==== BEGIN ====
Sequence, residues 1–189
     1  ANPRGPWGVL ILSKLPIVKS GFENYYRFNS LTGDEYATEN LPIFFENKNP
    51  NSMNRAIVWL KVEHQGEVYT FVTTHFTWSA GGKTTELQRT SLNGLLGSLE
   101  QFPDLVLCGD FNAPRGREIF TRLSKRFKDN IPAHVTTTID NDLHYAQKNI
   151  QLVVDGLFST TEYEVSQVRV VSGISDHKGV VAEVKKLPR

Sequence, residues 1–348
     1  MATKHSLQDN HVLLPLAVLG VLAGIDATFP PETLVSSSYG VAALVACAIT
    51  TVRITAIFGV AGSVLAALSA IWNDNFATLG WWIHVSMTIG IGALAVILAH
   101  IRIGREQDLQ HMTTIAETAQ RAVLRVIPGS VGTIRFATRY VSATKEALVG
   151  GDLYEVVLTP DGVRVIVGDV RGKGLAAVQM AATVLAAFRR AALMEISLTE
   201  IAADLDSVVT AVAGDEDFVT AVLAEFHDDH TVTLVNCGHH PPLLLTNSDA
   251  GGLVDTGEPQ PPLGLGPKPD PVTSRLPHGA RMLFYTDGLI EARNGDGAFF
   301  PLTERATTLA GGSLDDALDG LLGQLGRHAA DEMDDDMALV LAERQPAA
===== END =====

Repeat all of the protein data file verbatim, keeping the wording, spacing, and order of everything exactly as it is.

Sequence, residues 1–189
     1  ANPRGPWGVL ILSKLPIVKS GFENYYRFNS LTGDEYATEN LPIFFENKNP
    51  NSMNRAIVWL KVEHQGEVYT FVTTHFTWSA GGKTTELQRT SLNGLLGSLE
   101  QFPDLVLCGD FNAPRGREIF TRLSKRFKDN IPAHVTTTID NDLHYAQKNI
   151  QLVVDGLFST TEYEVSQVRV VSGISDHKGV VAEVKKLPR

Sequence, residues 1–348
     1  MATKHSLQDN HVLLPLAVLG VLAGIDATFP PETLVSSSYG VAALVACAIT
    51  TVRITAIFGV AGSVLAALSA IWNDNFATLG WWIHVSMTIG IGALAVILAH
   101  IRIGREQDLQ HMTTIAETAQ RAVLRVIPGS VGTIRFATRY VSATKEALVG
   151  GDLYEVVLTP DGVRVIVGDV RGKGLAAVQM AATVLAAFRR AALMEISLTE
   201  IAADLDSVVT AVAGDEDFVT AVLAEFHDDH TVTLVNCGHH PPLLLTNSDA
   251  GGLVDTGEPQ PPLGLGPKPD PVTSRLPHGA RMLFYTDGLI EARNGDGAFF
   301  PLTERATTLA GGSLDDALDG LLGQLGRHAA DEMDDDMALV LAERQPAA